"The north campus is not empty. The obvious: The north campus houses the Optometry building, the radio station, the Columbia Icefield, the greenhouses, a groundskeeping summer office, the Columbia Lake Townhouses and my home, Brubacher House. There are soccer, baseball, rugby and football fields that surround part of Columbia Lake. It is also currently home to several dozen pieces of large construction equipment which fill the air with their working rumblings and (depending on rainfall) lots of dust.
"The less obvious: You might be saying, 'Yes, but the rest of the North Campus is empty.' No, the rest of it is filled with food. Yes, food -- mostly corn and soybeans: corn that could end up in our corn flakes cereal, or in cornmeal muffins or cornbread, and soybeans that may end up in cooking oil, tofu, or roasted and seasoned in a yummy style (just to name a few options).
"Why is it that we feel the need to call a place empty when it has no concrete structures on it? Why are agricultural lands within sight of the city viewed as 'empty'? Those fields are full! The average person on the UW campus will come in contact with agriculture at least three times a day -- usually more.
"Our very lives depend on those fields being full. The more we pave under, the less is available to feed us. Please don't refer to farm lands as 'empty'.
"I come from a farming background and am right now working to save enough money to buy a farm of my own. I'm a farmer at heart, if not fully in practice yet, and issues surrounding agriculture are near and dear to me."
Introducing Fed FlicksThere will be movies on the screen at Federation Hall starting at 7:00 tonight -- "Men in Black" I and II -- as the weekly Fed Flicks program continues. It's a new activity this year, and I asked why. Chris Di Lullo, vice-president (administration and finance) of the Federation of Students, says there were several reasons:
"The most pressing was to address the need for activities for students that did not include the pressure or presence of alcohol. The night itself is convenient as it helps add another night to the Fed Hall schedule. This helps with another initiative: having more student events at Fed Hall.
"Though the target demographic is underage students, anyone is welcome and encouraged to attend. The cost is also very student friendly: $5 for two movies, a pop and bag of popcorn. The movies will generally be new releases, although most nights one movie will be a premiere video (has not been released to video yet). I would point out that the cost of two movies and refreshments is still less expensive than renting a video from Rogers or Blockbuster."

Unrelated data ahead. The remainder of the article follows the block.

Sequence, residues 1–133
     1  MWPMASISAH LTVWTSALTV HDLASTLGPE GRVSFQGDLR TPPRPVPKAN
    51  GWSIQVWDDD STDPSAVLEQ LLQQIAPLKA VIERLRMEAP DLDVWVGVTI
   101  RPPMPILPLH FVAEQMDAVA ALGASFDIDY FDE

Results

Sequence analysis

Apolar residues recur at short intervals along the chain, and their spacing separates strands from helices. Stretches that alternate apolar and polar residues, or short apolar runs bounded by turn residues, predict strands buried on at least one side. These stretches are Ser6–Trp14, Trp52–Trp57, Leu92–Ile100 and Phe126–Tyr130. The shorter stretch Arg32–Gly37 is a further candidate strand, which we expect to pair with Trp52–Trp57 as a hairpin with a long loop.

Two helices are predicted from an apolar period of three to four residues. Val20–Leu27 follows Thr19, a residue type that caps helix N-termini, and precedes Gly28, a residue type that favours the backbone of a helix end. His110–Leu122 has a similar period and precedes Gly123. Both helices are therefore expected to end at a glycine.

The Interdisciplinary Coffee Talk Society, which got going over the summer, will hold its first fall gathering tonight, at 5 p.m. at the Graduate House. The speaker is Larissa Fast of peace and conflict studies, talking about "Conflict Resolution Strategies".
A "kickoff session" for this year's Putnam math contest will be held at 6:00 tonight in Math and Computer room 5136, says Ian VanderBurgh, math lecturer and organizer of UW's entries in the Putnam. Pizza and pop will be served. Says VanderBurgh: "You'll hear about the important contest-related dates this term, and have some say as to when our weekly training sessions will be held."
The Waterloo Public Interest Research Group will hold its fall volunteer meeting today at 5;30 in the multipurpose room of the Student Life Centre. Says Narina Negra of WPIRG: "Once every term, volunteers gather to talk about what issues they're passionate about, what's been done, what's on, and what there is to do! Come on out if you are interested in getting involved with WPIRG. Food and refreshments."
Ken Hull of the music department at Conrad Grebel University College is making plans to lead students and tourists on a tour of "Music and Culture in London" next spring, for credit or just for fun. The tour, running for 15 days starting May 22, promises "concerts, museums and other sites and events of cultural and historical significance", mostly in London but with Cambridge, Salisbury and Stonehenge thrown in. People who would like to know more can attend an information night starting at 7:00 this evening in Grebel room 150, or reach Hull at firstname.lastname@example.org.
Also at Grebel, the fall season of noon-hour concerts begins tomorrow with "Piano Music of Austria and Hungary" played by Minna Re Shin (12:30 in the Grebel chapel, admission free).
And a third item from Conrad Grebel University College: desk chairs are available for purchase on Thursday from 11:30 to 1:30, price $5 apiece.
"Mature students", those older than the usual just-out-of-high-school are, are invited to lunch at the Mongolian Grill on Thursday; the mature student services office in the Modern Languages building has details.
An appropriately green flyer went out to staff and faculty a few days ago announcing a noon-hour session next Monday on "Getting Your Garden Ready for Winter". Word is that the room is already full, and no more reservations are being accepted.
TODAY IN UW HISTORYSeptember 24, 1973: The price of milk and juice in UW vending machines is increased to 15 cents.